Recently a friend of mine asked, “What should I do when my child does something wrong?” She is a great momma with a young son with autism. He has had the diagnosis for two years, is receiving therapy weekly, and has a fabulous kindergarten teacher and support staff at school. So I think what she really wanted to know was, “How do I respond when my child, who is struggling to learn acceptable social behavior, misbehaves at school? And how do I handle the guilt of not being a perfect parent?”
It would be easy to pretend like I’ve got it all figured out. I’m a teacher and I’ve seen misbehavior in the classroom that stems from trauma, emotional issues, ADHD, autism, or a learning disability. Logically, I know misbehavior doesn’t mean “bad kid.” But at home, my story still sounds like my friend’s. I’m still asking questions. I still feel the doubt and insecurities of worrying if I’m doing the right thing. Yet, I’m battling these questions and doubts as I’m daily trying to be an advocate for my child.
- a person who pleads for or in behalf of another; intercede
I am not an expert, just a mom. My family is not new to the diagnosis of autism. We have behavioral charts, visual schedules, modifications, and a team of loving caregivers to help teach my child how to behave in a way that is suitable to the classroom environment. But we still have bad days. So I get to practice this on a daily basis from a parent perspective. And practice makes perfect, right?
Imagine it’s one of those bad days. You get the dreaded note or phone call… your child hit/kicked/name called/refused to work. You might even be asked to come pick up your child if it’s been especially rough day. The long walk to the principal’s office. The shame of not being a perfect parent with a perfect child. You may feel judged… even when you are not.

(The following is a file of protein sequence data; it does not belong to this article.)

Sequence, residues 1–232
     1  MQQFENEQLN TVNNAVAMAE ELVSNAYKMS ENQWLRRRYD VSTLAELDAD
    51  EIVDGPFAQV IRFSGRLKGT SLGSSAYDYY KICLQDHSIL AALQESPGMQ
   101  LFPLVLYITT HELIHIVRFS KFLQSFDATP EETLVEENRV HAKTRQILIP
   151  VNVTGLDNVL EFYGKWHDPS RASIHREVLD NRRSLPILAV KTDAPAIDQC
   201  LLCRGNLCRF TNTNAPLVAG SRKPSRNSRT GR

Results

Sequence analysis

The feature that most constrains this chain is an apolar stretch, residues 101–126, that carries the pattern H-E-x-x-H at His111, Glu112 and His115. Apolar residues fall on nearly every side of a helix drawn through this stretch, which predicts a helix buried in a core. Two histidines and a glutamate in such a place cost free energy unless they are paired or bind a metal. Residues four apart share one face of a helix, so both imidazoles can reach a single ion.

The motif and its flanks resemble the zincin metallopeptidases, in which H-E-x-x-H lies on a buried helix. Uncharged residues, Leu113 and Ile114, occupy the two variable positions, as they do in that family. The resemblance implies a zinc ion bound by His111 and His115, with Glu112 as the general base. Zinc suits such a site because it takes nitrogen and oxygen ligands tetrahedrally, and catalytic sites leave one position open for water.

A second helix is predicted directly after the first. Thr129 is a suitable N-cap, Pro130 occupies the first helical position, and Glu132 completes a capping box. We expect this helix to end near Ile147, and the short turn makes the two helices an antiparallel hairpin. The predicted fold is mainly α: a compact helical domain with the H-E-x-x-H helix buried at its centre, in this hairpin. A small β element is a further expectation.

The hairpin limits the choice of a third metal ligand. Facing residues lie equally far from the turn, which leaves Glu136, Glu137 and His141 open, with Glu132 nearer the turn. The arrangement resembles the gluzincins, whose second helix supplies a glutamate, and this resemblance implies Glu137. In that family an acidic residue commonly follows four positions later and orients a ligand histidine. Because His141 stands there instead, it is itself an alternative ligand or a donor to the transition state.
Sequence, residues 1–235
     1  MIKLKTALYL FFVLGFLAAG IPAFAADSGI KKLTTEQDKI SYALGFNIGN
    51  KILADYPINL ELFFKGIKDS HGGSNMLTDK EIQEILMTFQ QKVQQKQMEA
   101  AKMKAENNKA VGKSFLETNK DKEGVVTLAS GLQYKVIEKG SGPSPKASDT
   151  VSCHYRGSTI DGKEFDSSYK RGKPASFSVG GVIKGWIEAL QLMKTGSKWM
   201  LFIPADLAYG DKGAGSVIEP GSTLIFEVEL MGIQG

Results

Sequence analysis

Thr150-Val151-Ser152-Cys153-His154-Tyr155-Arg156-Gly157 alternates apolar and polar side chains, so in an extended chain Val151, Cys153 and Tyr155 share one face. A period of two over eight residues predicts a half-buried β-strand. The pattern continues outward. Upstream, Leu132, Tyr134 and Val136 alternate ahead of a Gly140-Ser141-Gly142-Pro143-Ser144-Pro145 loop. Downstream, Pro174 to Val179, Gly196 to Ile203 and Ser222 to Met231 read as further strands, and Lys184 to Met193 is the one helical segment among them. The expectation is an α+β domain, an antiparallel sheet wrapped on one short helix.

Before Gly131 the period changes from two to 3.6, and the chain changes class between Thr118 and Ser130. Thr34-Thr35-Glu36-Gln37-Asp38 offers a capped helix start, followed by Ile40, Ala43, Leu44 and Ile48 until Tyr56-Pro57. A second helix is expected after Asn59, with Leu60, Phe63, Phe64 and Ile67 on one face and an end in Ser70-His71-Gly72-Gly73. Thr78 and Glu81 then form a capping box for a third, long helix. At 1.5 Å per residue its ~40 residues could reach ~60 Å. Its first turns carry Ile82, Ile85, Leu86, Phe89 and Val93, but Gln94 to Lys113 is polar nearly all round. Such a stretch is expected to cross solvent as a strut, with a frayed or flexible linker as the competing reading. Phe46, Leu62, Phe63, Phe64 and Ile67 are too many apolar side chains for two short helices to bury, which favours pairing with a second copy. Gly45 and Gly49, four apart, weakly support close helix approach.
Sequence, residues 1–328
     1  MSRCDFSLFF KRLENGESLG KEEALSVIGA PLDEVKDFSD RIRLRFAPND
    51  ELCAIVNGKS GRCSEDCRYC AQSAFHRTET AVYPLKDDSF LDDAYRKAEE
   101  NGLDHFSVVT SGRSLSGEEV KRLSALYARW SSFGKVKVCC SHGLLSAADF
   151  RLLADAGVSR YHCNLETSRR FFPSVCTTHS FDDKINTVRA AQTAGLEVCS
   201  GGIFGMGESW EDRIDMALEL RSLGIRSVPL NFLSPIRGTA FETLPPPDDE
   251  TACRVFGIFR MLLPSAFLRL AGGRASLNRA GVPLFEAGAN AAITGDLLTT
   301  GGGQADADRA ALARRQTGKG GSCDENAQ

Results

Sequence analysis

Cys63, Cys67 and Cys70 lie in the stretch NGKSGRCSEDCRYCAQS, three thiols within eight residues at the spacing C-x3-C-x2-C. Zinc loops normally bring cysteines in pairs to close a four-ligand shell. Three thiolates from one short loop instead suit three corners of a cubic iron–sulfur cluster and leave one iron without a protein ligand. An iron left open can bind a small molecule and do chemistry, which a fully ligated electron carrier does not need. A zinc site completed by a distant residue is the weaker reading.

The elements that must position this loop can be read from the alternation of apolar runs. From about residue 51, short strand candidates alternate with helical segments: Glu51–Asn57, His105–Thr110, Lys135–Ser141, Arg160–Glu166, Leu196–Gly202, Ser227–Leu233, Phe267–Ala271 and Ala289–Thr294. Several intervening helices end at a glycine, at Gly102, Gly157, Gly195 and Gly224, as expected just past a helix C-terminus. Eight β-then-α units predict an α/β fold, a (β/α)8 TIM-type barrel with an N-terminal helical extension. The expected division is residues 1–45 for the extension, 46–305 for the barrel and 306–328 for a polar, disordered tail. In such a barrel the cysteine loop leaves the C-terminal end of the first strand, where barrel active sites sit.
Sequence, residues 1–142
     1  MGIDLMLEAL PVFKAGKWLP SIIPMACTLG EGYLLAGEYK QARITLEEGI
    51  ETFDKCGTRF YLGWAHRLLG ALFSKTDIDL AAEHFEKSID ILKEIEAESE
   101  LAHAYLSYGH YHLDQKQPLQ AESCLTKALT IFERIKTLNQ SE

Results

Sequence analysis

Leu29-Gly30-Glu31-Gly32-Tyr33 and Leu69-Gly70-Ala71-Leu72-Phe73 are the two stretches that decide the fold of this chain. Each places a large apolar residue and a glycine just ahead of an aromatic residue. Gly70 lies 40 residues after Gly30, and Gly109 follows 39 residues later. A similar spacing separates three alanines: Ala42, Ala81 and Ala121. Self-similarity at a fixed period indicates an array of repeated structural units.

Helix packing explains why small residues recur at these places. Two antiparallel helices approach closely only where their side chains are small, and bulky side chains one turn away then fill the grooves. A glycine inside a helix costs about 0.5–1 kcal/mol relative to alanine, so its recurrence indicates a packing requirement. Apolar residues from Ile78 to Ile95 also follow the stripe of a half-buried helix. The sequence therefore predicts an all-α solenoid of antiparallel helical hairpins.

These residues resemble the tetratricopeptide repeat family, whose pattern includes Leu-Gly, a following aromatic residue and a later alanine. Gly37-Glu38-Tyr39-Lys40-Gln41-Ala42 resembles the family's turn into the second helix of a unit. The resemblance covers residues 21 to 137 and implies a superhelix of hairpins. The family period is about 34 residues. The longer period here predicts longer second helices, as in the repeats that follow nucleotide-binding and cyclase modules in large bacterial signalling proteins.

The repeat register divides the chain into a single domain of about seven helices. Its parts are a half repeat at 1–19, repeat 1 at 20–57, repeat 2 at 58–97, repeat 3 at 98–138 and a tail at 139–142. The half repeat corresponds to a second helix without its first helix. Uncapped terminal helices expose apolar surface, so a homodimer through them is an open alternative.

Deep breath, momma. Don’t give a knee jerk response. Just breathe. And these are a few things you can try:
Ask to be told exactly what happened. Was the note home unclear? Send a follow up note or email asking what you would like clarified. Don’t jump to conclusions.
Personal example: My kid had a terrible Monday. It even started out bad at home too. When told he was having a meltdown at school, I immediately placed blame… on myself. That weekend has been unstructured. He spent the night with my in-laws so I could have a date night. I knew he was frustrated that morning. Basically, I guilt tripped myself without even asking what happened at school to set him off.
Whether you jump to place blame on yourself, the teacher or even your own kid:
Walk it out.
Take a walk and ask your kiddo to talk about it. Why was it a bad day? What was the hardest part? How did you feel? How can we respond better next time?
Let’s be real here, if your child struggles with communication, this might be hard. So I ask questions then wait for a response. If there is none, I model my own self talk. “We don’t hit our friends, even when we are angry.”